My knees reminded me that leaping like a dolphin is for 20 year olds.
Chris finds the first sandburr. I am aware of this by the sudden shrieks reminiscent of a torture scene in Firefly when the Captain is kidnapped by a psychopathic mobster. I find sandburrs (for the record, Teva sandals, the hiking/river/kayaking sort, are immune...the flipflops are like wearing marshmallows where sandburrs are concerned), Heather's bare feet find more sanburrs. She, always barefoot, resorts to the dreaded Shoe. I find more: on the edges of my longish shorts, stuck to the webbing of my sandals, under my toes...
The islands are full of vampires: several kinds of bloodsucking flies, several dozen kinds of bloodsucking mosquitoes, 3 kinds of ticks, and sandburrs. Perhaps if the Twilight series had been written here, it would actually be scary.
Then we got wind of the weather...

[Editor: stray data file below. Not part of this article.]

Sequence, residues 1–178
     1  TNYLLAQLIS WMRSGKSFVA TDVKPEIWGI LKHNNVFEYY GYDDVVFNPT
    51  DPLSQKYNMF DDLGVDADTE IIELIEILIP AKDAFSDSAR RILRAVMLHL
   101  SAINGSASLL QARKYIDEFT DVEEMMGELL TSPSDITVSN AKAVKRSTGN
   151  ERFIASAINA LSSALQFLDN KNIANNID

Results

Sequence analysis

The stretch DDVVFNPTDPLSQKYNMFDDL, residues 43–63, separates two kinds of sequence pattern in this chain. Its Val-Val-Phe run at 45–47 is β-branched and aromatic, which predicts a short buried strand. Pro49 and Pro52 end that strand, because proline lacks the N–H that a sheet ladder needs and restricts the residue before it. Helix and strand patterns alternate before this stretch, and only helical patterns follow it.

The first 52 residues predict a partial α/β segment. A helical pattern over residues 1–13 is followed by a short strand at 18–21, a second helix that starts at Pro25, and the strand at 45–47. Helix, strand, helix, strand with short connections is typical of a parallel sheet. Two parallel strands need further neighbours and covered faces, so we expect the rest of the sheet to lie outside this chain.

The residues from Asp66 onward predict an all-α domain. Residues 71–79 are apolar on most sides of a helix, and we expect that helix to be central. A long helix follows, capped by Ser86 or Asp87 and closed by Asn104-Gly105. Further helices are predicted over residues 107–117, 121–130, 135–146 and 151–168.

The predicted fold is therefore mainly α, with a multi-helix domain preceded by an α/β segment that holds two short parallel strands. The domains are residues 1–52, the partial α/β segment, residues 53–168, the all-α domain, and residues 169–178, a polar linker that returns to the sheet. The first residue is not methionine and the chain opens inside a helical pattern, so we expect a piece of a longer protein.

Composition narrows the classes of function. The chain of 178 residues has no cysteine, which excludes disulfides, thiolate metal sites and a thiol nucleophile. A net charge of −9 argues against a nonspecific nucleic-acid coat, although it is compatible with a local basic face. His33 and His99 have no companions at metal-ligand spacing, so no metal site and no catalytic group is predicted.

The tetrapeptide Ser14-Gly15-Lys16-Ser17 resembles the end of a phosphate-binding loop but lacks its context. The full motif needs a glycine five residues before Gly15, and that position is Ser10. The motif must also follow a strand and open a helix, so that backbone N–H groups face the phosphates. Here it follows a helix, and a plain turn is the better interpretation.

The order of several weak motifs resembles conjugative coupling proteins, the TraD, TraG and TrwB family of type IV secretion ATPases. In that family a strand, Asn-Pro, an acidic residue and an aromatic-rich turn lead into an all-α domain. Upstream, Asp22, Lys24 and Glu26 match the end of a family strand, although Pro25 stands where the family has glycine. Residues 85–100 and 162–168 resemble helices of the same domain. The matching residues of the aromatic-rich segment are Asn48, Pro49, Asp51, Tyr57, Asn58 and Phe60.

To quote the guy at the beginning of The Little Mermaid..."hurricane a'comin'!!!"
The skies remained sunny, the wind too brisk now for kayaks. The birds went about their business as usual; egrets and blue herons, tricolored herons and sandpipers fishing the shallows, beaks pumping like sewing machines in the sand at the sea's edge. Pelicans soared over the waves like pteradactyls. A mysterious fin surfaced near my kayak (maybe a dolphin).
Oh, we'll just have some rain the last two days of my vacation...I'll drive home Monday, as planned.